Napoleon’s defeat leads to Bourbon Restoration

World Coins On the Block column from the Dec. 1, 2014, issue of Coin World
By , Coin World
Published : 11/17/14
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When one door closes, another one opens, as the old saying goes.

The defeat of French emperor Napoleon Bonaparte at Waterloo paved the way for the exiled King Louis XVIII to return to Paris and begin the Bourbon Restoration.

Such a magnificent occasion was the subject of a commemorative medal. A platinum version of the medal highlights Editions V. Gadoury’s Dec. 6 auction in Monaco.

Napoleon’s exile in Elba in 1814 is widely known, but the other would-be ruler of France was also exiled, twice, the first time beginning in 1791 during the French Revolution. 

Louis XVIII spent 23 years in exile before returning in 1814 after Napoleon’s abdication following the capture of Paris. Napoleon was banished to Elba.

His escape and return to Paris triggered Le Cent Jours, or “the Hundred Days,” the period between his return on March 20, 1815, and the second restoration of King Louis XVIII on July 8, 1815.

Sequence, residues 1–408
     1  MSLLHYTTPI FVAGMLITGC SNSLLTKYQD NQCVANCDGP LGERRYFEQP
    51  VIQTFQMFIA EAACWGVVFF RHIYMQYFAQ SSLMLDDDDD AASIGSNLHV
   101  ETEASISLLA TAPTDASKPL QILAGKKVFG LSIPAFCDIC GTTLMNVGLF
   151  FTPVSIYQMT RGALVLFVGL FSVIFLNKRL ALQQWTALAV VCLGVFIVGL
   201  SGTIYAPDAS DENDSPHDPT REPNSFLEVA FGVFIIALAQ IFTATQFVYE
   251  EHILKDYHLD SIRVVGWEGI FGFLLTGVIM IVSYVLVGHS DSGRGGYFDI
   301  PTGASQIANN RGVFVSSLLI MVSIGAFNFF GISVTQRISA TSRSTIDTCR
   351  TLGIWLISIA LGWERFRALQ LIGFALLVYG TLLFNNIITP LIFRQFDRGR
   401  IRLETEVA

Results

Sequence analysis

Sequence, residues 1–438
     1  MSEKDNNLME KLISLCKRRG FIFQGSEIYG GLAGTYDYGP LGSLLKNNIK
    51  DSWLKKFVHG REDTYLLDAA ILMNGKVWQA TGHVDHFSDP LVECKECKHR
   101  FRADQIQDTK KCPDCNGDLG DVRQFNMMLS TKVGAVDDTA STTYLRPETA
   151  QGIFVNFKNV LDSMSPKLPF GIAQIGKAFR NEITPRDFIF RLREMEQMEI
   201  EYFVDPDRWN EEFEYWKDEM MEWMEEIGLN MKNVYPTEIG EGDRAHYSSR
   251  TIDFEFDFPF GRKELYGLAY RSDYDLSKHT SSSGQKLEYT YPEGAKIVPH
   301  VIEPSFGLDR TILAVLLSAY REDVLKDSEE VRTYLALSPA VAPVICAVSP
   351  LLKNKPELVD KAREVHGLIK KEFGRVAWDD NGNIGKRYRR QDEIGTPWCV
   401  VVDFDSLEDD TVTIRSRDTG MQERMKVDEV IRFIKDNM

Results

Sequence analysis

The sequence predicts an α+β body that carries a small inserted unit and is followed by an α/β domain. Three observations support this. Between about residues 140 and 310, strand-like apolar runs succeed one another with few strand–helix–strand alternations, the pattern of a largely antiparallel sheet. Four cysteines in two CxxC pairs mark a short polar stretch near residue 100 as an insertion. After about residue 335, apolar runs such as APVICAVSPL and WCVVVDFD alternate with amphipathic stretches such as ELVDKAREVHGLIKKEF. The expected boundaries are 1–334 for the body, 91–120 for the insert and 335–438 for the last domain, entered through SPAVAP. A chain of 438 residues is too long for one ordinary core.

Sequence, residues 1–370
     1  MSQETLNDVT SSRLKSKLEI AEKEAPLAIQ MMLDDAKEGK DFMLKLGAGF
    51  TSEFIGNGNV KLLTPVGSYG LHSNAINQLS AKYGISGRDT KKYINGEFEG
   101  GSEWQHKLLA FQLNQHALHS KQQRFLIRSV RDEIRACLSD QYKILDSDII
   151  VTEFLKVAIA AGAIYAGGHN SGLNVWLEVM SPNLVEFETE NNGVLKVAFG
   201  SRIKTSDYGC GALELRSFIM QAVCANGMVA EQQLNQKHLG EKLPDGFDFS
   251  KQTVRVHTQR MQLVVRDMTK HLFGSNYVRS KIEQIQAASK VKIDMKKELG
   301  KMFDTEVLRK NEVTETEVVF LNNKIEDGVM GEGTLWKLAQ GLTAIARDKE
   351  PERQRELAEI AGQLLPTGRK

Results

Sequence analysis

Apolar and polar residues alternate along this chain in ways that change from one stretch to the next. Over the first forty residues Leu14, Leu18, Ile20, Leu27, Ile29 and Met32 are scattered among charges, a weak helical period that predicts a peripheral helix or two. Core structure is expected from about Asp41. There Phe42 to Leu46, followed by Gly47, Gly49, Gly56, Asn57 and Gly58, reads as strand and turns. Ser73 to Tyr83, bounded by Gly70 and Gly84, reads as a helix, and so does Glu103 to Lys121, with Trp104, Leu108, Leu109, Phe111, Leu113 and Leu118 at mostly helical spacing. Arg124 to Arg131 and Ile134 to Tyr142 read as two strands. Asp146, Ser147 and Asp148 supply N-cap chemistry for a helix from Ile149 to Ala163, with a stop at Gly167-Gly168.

During the Hundred Days, Louis XVIII went back into exile, until Napoleon met his Waterloo.

The medal in the auction proclaims the king’s second entry to Paris, in July of 1815. 

The Battle of Waterloo was the final campaign of the Napoleonic Wars and Napoleon’s final grasp at the emperorship. Louis XVIII then ruled as king for just under a decade, until his death in 1824.

The obverse of the medal shows a bust of the king and the reverse shows the triumphant king being driven by a quadriga (four-horse chariot) led by an allegory of the city of Paris.

The quadriga is a familiar image, and recalls the quadriga that appears on the Arc de Triomphe de Carrousel built by Napoleon from 1806 to 1808 to mark his victories. 

The obverse of the medal was designed by Bertrand Andrieu, whose work, Leonard Forrer wrote, in the Biographical Dictionary of Medallists, “bears the stamp of the epoch he lived in, when Napoleon was the Caesar of a modern Rome.”

The reverse was designed by Raymond Gayrard, a prolific French medalist, sculptor and poet. Forrer was somewhat complimentary of Gayrard’s artistic abilities, writing, “He adhered in his style to the old principles of the eighteenth century; nevertheless he is worthy to occupy an honourable place amongst the most eminent artists of his time.”

The medal weighs 150.7 grams, or nearly 5 troy ounces, and measures 30.9 millimeters in diameter.

The medal is in Uncirculated condition, according to the firm, and has an opening bid of €6,000 ($7,650 U.S.). 

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